Pioneering work on non-Euclidean geometries in the late 19th century led some theoreticians to consider the possibility of a universe of non-Euclidean geometry. For example, Nikolai Lobachevsky considered the case of a universe of hyperbolic (negative) spatial curvature and noted that the lack of astronomical observations of stellar parallax set a minimum value of 4.5 light-years for the radius of curvature of such a universe (Lobachevsky 2010). On the other hand, Carl Friedrich Zöllner noted that a cosmos of spherical curvature might offer a solution to Olbers' paradox5 and even suggested that the laws of nature might be derived from the dynamical properties of curved space (Zöllner 1872). In the United States, astronomers such as Simon Newcomb and Charles Sanders Peirce took an interest in the concept of a universe of non-Euclidean geometry (Newcomb 1906; Peirce 1891 pp 174-175), while in Ireland, the astronomer Robert Stawall Ball initiated a program of observations of stellar parallax with the aim of determining the curvature of space (Ball 1881 pp 92-93; Kragh 2012a). An intriguing theoretical study of universes of non-Euclidean geometry was provided in this period by the German astronomer and theoretician Karl Schwarzschild, who calculated that astronomical observations set a lower bound of 60 and 1500 light-years for the radius of a cosmos of spherical and elliptical geometry respectively (Schwarzschild 1900). This model was developed further by the German astronomer Paul Harzer, who considered the distribution of stars and the absorption of starlight in a universe of closed geometry (Harzer 1908 pp 266-267).It cites a 2012 Helge Kragh paper, Geometry and Astronomy: Pre-Einstein Speculations of Non-Euclidean Space, for more details.

The finiteness of the speed of light was first detected by astronomers, and that turned out to be more-or-less equivalent to spacetime being non-Euclidean. Poincare and Minkowski showed this in their relativity papers.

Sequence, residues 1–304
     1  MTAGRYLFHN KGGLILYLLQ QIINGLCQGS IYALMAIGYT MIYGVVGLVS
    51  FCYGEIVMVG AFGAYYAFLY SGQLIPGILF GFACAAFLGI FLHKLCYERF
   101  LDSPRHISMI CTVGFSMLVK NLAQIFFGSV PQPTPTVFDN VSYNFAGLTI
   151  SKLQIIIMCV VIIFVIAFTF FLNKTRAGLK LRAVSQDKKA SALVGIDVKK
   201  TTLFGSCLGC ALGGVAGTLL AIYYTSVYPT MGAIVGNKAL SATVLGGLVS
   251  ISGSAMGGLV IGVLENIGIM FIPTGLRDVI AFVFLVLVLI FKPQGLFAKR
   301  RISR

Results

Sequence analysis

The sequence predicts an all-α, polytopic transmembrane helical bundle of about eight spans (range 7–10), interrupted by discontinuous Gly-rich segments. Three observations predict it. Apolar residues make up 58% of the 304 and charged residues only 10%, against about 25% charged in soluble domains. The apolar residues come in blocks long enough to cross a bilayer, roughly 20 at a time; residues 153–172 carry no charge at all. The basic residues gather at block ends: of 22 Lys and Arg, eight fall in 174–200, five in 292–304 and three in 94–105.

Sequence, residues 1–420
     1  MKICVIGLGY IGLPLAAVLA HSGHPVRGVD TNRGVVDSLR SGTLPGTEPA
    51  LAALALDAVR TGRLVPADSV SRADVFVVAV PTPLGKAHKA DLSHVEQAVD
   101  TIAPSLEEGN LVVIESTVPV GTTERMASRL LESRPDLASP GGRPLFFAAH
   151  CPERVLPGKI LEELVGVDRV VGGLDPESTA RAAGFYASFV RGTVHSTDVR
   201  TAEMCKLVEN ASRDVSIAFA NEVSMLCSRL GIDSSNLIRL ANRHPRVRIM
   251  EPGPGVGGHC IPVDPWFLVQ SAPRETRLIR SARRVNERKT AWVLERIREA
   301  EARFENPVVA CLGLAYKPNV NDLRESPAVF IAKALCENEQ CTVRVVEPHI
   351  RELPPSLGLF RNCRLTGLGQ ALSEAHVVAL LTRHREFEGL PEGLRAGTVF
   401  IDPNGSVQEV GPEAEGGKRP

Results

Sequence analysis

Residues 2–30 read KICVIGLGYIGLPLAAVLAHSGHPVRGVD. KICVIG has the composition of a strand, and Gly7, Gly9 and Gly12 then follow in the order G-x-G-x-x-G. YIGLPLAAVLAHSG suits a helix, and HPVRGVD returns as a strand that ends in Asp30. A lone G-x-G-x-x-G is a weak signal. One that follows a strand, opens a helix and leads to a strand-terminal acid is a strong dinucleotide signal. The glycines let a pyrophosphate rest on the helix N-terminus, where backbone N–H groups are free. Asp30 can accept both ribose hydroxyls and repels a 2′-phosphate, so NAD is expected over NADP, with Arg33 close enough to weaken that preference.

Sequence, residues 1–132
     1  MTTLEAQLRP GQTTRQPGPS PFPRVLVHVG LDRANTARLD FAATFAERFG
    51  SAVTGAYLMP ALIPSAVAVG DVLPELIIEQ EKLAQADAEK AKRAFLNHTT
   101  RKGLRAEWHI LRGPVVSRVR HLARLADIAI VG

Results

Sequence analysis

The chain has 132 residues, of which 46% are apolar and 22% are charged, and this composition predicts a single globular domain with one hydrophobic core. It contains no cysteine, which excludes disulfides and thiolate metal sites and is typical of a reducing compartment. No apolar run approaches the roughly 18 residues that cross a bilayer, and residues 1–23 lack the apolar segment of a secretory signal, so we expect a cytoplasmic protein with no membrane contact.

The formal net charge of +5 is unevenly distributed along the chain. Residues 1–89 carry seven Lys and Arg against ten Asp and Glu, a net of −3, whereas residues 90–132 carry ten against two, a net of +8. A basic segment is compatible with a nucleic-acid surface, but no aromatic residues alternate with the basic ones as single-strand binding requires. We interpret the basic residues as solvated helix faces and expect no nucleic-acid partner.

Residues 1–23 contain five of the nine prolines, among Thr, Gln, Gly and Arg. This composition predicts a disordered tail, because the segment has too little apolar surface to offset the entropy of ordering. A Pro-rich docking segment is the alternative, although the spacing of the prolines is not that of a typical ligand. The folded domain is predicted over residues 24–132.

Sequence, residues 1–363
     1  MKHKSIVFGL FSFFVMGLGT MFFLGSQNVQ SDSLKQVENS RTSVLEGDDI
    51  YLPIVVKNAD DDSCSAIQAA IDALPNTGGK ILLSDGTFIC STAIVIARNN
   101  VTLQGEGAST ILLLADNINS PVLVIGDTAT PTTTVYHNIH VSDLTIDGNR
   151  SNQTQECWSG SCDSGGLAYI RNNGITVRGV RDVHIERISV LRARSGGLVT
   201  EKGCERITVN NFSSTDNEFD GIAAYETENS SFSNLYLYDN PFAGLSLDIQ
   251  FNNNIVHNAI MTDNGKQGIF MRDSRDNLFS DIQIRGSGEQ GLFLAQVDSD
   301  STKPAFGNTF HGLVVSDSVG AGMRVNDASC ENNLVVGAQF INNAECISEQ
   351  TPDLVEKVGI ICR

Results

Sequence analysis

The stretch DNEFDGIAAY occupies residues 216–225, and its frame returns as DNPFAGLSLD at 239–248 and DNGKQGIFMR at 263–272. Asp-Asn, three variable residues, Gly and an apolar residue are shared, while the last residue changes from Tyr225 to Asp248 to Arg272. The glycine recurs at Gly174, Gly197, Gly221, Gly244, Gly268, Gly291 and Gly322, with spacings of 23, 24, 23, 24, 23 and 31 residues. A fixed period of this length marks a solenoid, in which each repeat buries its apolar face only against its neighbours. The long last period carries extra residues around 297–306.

Efforts to find a large-scale cosmological curvature of space have failed. Gravity can be interpreted as spacetime curvature, but the universe seems flat on a large scale.

General relativity is commonly interpreted as gravity being spacetime curvature, but Einstein did not view it that way. He did not really buy into non-Euclidean geometry explanations as we do today.

Charles S. Peirce wrote in 1891:

The discovery that space has a curvature would be more than a striking one; it would be epoch-making. It would do more than anything to break up the belief in the immutable character of mechanical law, and would thus lead to a conception of the universe in which mechanical law should not be the head and centre of the whole. It would contribute to the improving respect paid to American science, were this made out here. . In my mind, this is part of a general theory of the universe, of which I have traced many consequences, - some true and others undiscovered, - and of which many more can be deduced; and with one striking success, I trust there would be little difficulty in getting other deductions tested. It is certain that the theory if true is of great moment.This seems to be a clear anticipation of the possibility of curved space for cosmology.

Kragh writes:

While the possibility of space being non-Euclidean does not seem to have aroused interest among French astronomers, their colleagues in mathematics did occasionally consider the question, if in an abstract way only. As mentioned, many scientists were of the opinion that the geometry of space could be determined empirically, at least in principle. However, not all agreed, and especially not in France. On the basis of his conventionalist conception of science, Henri Poincaré argued that observations were of no value when it came to a determination of the structure of space. He first published his idea of physical geometry being a matter of convention in a paper of 1891 entitled “Les géométries non-euclidiennes,” and later elaborated it on several occasions.I do think that this is a misunderstanding of Poincare's conventionalism.

Euclidean geometry is axiomatized mathematics. No observation can have any bearing on the mathematical truth of a theorem of Euclidean geometry. If Euclidean geometry turns out not to match the real world, then there are multiple ways to explain it. One could use Euclidean geometry as the foundation, or some other geometry.

That is surely what Poincare was saying. After all, Poincare was a pioneer in non-Euclidean geometry, and was the first to discover the non-Euclidean structure of spacetime. I have seen philosophers claim that Poincare was somehow opposed to geometrical interpretations of space, but I don't see how that could be true. He was simply distinguishing between mathematical and physical truths. Mathematicians consider the distinction to be very important, but physicists sometimes deny that there is a distinction.